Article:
Nov 8, 2018

Trinity Trend: Dad Trainers

How can something once so utterly repellent now be the most fashionable pair of shoes one can own?

Aoife MurrayFashion Editor
Jack Smyth for The University Times

How can something once so utterly repellent now be the most fashionable pair of shoes one can own? Cast an eye downwards today, and you will notice that Trinity students’ trotters are laced firmly into the shoe that continues to divide opinion: the dad trainer. Boasting a very chunky sole and either a monochrome or clashing colourway – and usually looking like it should be worn with tube socks and cargo shorts – this shoe treads the halls of the Arts Block and Hamilton alike.

As I come from Belfast, where Nike Air Max shoes used to be genuinely the most horrendous thing you could wear, a part of me gags a little when I see otherwise fashionably dressed people bouncing around in these ludicrously thick soles. However, in a worrying turn of events, I recently found myself browsing the internet for a pair of Nike Air Max 95s. While 12-year-old versions of ourselves might be weeping in horror at our new footwear of choice, the dad trainer is now undoubtedly a stylish addition to your wardrobe. But, again I ask, how?

The dad trainer has been part of the wider fashion phenomenon of “ugly fashion”. Propagated by the likes of Balenciaga and Gucci, this movement towards “bad taste” has been around for a few years now. Understandably, people were sick of the normcore trend, and the pre-packaged “good taste” that came with the new age of Instagram influencers. The high priests of fashion – Raf Simons, Alessandro Michele, and Demna Gvasalia (the man who brought us platform Crocs) – railed against this, and championed tackiness and bad taste as the new tenets of fashion. In fact, what used to be widely considered “good taste” has become a casualty in our continued obsession with nostalgia. This can be seen everywhere from Gucci’s over-the-top retro suits to the Jaws movie poster emblazoned across Calvin Klein’s spring/summer 2019 collection. Ultimately, these designers turned their attention to the most abhorrent of accessories: the dad trainer.


There is something oddly comforting about a dad trainer, which might explain its continued cultural resonance. Whether it is the orthopaedic comfort of the thick, cushioned sole, or the nostalgia for your actual dad’s shoes, or the feeling that you belong to a cool countermovement, this shoe has infiltrated every corner of the fashion world. High-street brands and online fast-fashion retailers all have stocked many knock-offs of the iconic Balenciaga Triple-S and even Chanel and Céline – historically chic brands – have produced their own versions of a dad trainer.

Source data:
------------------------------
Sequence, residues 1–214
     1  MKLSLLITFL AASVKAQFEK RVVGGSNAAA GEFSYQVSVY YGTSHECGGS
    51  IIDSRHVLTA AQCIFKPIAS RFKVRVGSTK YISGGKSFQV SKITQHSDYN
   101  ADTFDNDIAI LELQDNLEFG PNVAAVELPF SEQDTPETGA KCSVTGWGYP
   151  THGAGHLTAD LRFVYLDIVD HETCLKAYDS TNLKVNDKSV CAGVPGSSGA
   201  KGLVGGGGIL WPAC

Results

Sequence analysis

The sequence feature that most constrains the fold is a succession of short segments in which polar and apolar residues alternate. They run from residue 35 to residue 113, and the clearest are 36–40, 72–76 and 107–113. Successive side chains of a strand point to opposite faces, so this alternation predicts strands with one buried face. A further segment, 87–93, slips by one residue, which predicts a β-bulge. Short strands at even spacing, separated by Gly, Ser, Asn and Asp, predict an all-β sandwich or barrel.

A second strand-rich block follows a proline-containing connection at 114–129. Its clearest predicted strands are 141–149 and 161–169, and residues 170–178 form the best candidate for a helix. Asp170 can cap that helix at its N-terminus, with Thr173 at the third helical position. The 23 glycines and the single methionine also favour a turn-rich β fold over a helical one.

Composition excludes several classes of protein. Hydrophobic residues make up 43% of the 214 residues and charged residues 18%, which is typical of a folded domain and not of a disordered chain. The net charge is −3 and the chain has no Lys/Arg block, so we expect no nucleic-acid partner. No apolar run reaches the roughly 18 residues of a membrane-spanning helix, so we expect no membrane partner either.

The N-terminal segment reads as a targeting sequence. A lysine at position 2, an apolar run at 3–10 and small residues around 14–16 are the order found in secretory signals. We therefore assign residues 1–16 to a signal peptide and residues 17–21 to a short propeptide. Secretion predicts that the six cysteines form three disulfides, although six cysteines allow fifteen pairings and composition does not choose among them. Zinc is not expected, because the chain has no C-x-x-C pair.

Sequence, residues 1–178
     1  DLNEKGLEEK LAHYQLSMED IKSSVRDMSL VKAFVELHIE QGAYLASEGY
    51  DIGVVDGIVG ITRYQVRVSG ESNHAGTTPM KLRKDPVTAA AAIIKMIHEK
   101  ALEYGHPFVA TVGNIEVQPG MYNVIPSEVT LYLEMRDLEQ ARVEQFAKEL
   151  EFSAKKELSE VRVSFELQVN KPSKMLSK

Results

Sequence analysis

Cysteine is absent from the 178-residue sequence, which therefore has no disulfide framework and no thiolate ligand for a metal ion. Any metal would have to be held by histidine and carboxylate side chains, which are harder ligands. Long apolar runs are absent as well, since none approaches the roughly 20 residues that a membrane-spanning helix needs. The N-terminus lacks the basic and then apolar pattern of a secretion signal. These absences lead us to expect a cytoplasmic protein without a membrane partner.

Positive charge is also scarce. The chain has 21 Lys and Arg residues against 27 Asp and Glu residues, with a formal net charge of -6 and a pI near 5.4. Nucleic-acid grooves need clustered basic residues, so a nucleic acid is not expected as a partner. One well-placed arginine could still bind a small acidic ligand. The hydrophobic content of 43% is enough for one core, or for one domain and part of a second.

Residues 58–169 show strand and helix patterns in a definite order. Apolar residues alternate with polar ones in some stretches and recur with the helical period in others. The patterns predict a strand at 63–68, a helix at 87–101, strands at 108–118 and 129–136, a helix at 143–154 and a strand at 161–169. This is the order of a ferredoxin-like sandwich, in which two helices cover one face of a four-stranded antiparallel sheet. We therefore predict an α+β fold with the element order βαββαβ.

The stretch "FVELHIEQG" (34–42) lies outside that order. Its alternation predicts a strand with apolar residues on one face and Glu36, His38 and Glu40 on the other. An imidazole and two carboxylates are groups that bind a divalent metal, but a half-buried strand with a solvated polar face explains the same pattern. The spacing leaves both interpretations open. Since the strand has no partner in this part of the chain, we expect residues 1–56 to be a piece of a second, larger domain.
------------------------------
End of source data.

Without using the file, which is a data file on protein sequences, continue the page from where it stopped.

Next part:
Adidas and other sportswear giants have decided to offer more palatable versions. The Adidas Falcon has the characteristic chunkiness of a dad trainer but somehow in a more streamlined shape, and with colourways that don’t purposely clash. While this once cringe-inducing shoe was exaggerated to “meme-able” proportions for the catwalk, now, with a few design tweaks, it has changed into something that is actually quite pleasing to the eye. Ironically, anti-aestheticism has become the new aesthetic. The very bloggers and Instagram influencers that once promoted the trends that sparked the ugly fashion revolution now pair their dad trainers with skinny jeans and a Chloé handbag. The shoe celebrating bad taste and ugliness has come to be beautiful.

Recently Balenciaga, in their spring/summer 2019 show, debuted a new version of the dad trainer, named the Track Trainer. Even more heinous than the original, this version is closer to the runners your mother forced you to wear for PE as a child. Is this Gvasalia pushing the boundaries of what we will accept as fashion even further? It does somehow feel like a big inside joke.

Nevertheless, the dad trainer, in all its variations, is now a firm fixture on Trinity’s campus for better or worse. Some of us wear it because Bella Hadid has a pair. Some because we are genuinely fascinated with the grotesque aesthetic of it all. And to all of you soft boys in your ugly trainers that are “from a charity shop” (do you mean ASOS?), or those of you who wear the dad trainer “ironically” – your attempt at anti-fashion couldn’t be more on trend.

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